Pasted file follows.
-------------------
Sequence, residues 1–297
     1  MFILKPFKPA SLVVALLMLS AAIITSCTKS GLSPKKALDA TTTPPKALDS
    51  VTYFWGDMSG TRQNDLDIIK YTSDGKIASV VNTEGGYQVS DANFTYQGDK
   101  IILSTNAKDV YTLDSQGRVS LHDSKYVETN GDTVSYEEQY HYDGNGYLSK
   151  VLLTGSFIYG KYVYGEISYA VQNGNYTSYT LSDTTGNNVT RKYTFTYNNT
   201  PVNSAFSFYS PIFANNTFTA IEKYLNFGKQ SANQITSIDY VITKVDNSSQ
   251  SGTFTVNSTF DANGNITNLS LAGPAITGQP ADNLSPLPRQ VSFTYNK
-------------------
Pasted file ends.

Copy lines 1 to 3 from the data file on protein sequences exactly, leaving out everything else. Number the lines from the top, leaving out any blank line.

Sequence, residues 1–297
     1  MFILKPFKPA SLVVALLMLS AAIITSCTKS GLSPKKALDA TTTPPKALDS
    51  VTYFWGDMSG TRQNDLDIIK YTSDGKIASV VNTEGGYQVS DANFTYQGDK